Classes should fill a variety of roles, allowing a crew to mix-and-match at their discretion. Front-line fighters, mid-line supporters, rear-line healers and buffers, classes should be able to fill a variety of niches. Medics for healing, Enchanters for enhanced Elemental buffs and attacks, Knights for enhanced combat prowess! Furthermore, all classes should have a drawback or two that other classes can fill in for! This promotes teamwork and communication during gameplay, which ought to be part of zOMG!'s design philosophy in the first place!
To begin, every player would need to select a Class. These Classes imbue certain permanent benefits and entirely-unique Ghi Buff paths that the player can take advantage of. To give players some control over their abilities, the Ghi buff paths could work in a variety of ways:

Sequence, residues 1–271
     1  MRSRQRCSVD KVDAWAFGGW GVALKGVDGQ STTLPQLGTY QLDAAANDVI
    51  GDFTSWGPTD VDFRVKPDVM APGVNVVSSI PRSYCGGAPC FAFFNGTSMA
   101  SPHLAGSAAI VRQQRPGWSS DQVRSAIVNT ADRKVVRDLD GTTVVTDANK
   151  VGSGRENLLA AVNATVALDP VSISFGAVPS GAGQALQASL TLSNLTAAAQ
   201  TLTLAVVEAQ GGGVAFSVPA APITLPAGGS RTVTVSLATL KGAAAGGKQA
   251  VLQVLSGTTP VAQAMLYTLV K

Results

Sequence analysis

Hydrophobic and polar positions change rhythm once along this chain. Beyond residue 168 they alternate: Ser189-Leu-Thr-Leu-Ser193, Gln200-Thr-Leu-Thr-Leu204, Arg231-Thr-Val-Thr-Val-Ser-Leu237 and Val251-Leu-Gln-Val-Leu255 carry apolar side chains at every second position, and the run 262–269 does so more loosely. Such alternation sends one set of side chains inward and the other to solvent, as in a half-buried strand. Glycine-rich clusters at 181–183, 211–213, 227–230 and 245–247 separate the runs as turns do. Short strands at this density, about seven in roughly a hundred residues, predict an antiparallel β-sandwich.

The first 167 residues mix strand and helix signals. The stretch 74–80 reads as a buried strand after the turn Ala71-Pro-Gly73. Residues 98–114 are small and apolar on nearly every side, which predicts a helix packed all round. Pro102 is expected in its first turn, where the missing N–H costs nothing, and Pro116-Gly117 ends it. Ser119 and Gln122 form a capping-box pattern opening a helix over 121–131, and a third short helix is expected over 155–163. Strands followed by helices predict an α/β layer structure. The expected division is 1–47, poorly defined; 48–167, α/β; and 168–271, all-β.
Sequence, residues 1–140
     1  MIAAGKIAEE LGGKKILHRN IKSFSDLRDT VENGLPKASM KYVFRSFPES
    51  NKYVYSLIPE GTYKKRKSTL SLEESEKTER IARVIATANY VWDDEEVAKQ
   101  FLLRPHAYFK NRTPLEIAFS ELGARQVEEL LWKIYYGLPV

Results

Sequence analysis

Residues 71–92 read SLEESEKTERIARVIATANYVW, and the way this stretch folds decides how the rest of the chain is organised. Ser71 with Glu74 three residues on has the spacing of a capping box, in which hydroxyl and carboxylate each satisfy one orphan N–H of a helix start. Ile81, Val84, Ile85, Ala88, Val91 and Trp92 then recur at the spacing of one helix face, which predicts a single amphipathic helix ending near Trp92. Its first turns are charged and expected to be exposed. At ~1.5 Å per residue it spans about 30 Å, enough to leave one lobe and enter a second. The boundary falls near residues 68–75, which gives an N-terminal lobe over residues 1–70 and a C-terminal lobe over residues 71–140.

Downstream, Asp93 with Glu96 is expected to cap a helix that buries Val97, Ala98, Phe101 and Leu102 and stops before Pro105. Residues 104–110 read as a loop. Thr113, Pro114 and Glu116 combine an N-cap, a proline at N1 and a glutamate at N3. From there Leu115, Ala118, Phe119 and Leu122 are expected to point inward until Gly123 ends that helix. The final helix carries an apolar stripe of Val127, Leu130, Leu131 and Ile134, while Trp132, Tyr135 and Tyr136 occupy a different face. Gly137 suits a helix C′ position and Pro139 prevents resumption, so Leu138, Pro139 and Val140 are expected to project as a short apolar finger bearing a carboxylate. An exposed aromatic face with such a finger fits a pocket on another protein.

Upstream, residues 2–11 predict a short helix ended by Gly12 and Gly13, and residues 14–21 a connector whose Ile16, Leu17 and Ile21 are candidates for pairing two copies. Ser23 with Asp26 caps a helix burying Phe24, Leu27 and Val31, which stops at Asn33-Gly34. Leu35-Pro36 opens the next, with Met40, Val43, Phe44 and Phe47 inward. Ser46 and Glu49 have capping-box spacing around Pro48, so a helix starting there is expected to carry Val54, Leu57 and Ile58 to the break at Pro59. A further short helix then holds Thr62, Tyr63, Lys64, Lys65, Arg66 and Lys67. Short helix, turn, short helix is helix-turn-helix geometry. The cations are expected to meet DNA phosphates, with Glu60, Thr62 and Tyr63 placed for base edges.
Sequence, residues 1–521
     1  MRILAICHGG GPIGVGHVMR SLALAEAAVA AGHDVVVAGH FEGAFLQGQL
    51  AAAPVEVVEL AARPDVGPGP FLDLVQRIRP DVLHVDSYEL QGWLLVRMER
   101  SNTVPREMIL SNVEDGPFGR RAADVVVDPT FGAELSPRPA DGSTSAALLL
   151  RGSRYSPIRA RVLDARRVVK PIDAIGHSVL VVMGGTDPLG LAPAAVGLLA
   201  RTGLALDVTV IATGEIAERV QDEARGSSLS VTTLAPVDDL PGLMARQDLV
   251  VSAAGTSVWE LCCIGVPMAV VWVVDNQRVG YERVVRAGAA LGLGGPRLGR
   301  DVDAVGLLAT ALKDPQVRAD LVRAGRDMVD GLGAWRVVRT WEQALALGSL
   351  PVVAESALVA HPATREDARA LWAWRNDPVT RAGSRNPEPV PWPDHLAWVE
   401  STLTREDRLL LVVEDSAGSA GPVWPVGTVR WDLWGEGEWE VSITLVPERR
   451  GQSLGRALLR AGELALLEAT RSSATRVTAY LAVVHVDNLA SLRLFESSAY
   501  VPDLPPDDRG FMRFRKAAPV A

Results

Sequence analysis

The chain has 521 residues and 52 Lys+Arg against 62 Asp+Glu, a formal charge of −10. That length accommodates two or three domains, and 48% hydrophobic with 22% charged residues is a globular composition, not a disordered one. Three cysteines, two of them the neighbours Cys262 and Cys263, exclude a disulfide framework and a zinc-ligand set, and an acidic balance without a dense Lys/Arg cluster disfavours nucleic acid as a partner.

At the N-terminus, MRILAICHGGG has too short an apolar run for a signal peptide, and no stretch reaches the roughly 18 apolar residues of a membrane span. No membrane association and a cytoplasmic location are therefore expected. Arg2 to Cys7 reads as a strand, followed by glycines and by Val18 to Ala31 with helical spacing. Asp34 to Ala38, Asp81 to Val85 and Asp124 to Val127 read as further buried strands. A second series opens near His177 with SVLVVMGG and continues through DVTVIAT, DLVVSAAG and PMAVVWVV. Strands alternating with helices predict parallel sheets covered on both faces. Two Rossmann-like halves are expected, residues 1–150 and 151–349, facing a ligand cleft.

Prop 1 - Branching Paths
The Ghi buff path could branch at various points and allow the user to specialize in some abilities while neglecting to enhance others. All branches would need to offer enticing benefits that reward the player for advancing to the top of any branch!
Prop 2 - Single Path, Choice of Rewards
This sort of path would progress through a series of 'reward points' akin to 'leveling up' the path. At each 'reward point', the player is given a handful of rewards to choose from and can only pick one at a time. Early rewards must not tie into later rewards to prevent players from feeling like they '******** up' their reward progression!
Prop 3 - Pick a Path, Linear Progression